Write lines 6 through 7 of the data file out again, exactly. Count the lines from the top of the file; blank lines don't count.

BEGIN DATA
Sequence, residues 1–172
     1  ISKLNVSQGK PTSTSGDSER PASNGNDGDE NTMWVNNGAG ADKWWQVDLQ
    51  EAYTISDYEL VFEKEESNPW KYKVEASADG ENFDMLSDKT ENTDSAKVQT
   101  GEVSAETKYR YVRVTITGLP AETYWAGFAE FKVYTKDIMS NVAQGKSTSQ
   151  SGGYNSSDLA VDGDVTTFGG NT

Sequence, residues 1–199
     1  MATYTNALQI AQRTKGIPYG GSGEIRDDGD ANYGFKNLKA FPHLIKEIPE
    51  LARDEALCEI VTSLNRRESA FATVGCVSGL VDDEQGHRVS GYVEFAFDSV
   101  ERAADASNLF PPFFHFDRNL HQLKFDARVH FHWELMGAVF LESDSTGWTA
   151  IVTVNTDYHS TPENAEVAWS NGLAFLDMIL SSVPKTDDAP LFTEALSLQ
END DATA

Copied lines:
Sequence, residues 1–199
     1  MATYTNALQI AQRTKGIPYG GSGEIRDDGD ANYGFKNLKA FPHLIKEIPE